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Striving for hybrid meeting audio authenticity

The common goal of the hybrid meeting is to create an atmosphere where everyone has authentic interaction within the same room, says Shaun Robinson, vice president, product management at Xilica

The AV industry has made enormous strides in solving problems that have surfaced with hybrid meetings. Audio intelligibility and integrity for hybrid meetings has, along with touch-free AV experiences, been the greatest concern within the corporate AV vertical since the initial lockdowns ended.

The common goal of the hybrid meeting is to create an atmosphere where everyone has authentic interaction within the same room. The business community quickly discovered that even with adoption of conferencing audio platforms like Teams and Zoom, reliance on laptop cameras and microphones simply were not enough. Communication problems soon became obvious, from poor speech clarity to the profound distractions of people speaking over each other.

There were also immediate technical limitations to address, particularly for remote attendees participating through web conferencing platforms. Modern conference room designs, while often sleek and inviting, bring new acoustical challenges. There are more reflective surfaces and glass, including floor-to-ceiling windows. These surfaces intensify echo and reverberations that not only hinder speech intelligibility for listeners but distract speakers as voice echoes back through the microphone.

The AV industry soon discovered that audio, and not video, represented the more challenging barrier to hybrid meeting satisfaction. It also became obvious that innovations were also needed to improve audio for those physically located in the meeting space.

Two distinct approaches are now taking shape with audio conferencing in modern meeting rooms of varied size. Huddle spaces require less architecture, as they are smaller rooms with limited acoustical challenges serving small audiences. These rooms are typically well-served by web conferencing soundbars.

Audio problems intensify in medium-to-large conference and training rooms. There are more physical attendees, and web conferencing soundbars will not provide an even audio dispersion through the room.

Beamforming microphone arrays are one of the most popular technologies being deployed by integrators today. Ceiling microphones with dynamic beamforming technology now effectively isolate the speaker from other audio events in the room, which assist DSPs in filtering out reverberations.

Micro-format DSPs are also increasing in popularity for today’s IT-centric meeting spaces. It is now possible to incorporate the signal processing required to effectively integrate mic arrays into challenging room acoustic environments – and in a small enough form factor to sit behind a display next to the UC appliance or under a table. Xilica has been on the forefront of this design trend with the Solaro QR1, which has a quarter-rack-width footprint and is easily concealed from view.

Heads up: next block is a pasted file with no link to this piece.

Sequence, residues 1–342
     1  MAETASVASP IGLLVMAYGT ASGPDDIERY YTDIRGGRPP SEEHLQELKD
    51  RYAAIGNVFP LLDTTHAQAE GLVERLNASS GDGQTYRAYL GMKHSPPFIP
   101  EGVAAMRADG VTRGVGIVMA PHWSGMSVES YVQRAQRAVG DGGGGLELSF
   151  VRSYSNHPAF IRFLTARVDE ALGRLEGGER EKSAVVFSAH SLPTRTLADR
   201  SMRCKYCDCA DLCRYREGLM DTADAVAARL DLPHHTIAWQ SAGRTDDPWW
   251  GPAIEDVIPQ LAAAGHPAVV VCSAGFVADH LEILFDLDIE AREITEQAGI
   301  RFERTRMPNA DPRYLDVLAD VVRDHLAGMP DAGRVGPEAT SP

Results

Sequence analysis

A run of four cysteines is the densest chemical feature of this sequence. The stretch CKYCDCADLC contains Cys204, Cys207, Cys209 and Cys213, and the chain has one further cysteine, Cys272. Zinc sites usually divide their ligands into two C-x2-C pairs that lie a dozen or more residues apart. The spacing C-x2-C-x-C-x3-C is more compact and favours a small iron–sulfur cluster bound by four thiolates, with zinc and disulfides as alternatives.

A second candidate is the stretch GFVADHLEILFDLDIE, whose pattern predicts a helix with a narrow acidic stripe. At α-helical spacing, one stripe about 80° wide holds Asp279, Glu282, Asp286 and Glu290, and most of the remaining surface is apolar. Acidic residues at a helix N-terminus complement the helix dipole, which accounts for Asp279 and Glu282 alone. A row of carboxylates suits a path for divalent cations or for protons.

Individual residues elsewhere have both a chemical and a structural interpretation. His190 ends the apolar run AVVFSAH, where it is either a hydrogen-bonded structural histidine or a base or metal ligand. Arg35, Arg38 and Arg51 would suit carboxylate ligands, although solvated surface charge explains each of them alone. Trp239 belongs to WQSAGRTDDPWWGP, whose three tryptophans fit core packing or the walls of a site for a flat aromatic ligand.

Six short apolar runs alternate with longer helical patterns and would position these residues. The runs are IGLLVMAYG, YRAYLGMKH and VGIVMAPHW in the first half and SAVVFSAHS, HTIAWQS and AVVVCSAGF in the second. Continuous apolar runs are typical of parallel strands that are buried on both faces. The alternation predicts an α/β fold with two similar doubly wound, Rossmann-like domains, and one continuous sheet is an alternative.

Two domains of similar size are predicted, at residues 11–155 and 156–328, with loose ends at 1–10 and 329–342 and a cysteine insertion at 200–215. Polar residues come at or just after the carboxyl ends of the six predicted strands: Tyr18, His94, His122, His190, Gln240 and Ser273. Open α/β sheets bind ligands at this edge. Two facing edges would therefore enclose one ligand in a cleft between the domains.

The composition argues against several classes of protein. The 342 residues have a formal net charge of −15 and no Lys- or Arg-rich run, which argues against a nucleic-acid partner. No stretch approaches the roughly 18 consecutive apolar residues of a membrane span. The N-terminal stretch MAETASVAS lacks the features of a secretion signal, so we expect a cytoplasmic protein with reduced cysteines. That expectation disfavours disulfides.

The DSP is the core technology that provides the interface between the digital and physical world, and is responsible for reliably processing the analog and digital signals moving through the room. As beamforming microphone and DSP technologies have now matured to create more pleasant audio experiences for the remote attendee, the latest trend is to create a better atmosphere for those inside the room through IT-friendly audio reinforcement systems.

In medium to larger conference rooms, this means reducing the visual presence of AV technology through compact solutions with minimal cabling and infrastructure. It also means providing a more even audio spread throughout the room, ensuring that those anywhere in the room can equally hear the presenter. Systems like Xilica’s Sonia CatX-connected ceiling speaker systems take a substantial step forward in providing a completely modern and IT-friendly solution that addresses echo cancellation and noise reduction, and delivers more equitable audio throughout larger meeting spaces.

Video is also an integral component for making remote and physical meeting attendees feel equal, and recent PTZ camera developments that provide a wider field of view have gone a long way in improving the visual experience for all. We will however continue to see new more audio innovations from manufacturers that allow people to hear and be heard clearly no matter where they are, with single-wire connectivity that will further reduce clutter and maintenance for end users.

The industry is also working to simplify the management of these systems for the IT professional now tasked with AV responsibilities. The industry has started to make progress in simplifying products in ways that are more familiar in design to IT managers.

While hardware won’t simply go away, single-wire connectivity will evolve into full-room audio systems that are installed simply by plugging in a category cable and managing these systems through a software interface. The problem-solving approach of improving meeting audio experiences for businesses will trickle down to the IT manager ultimately responsible for operation and maintenance.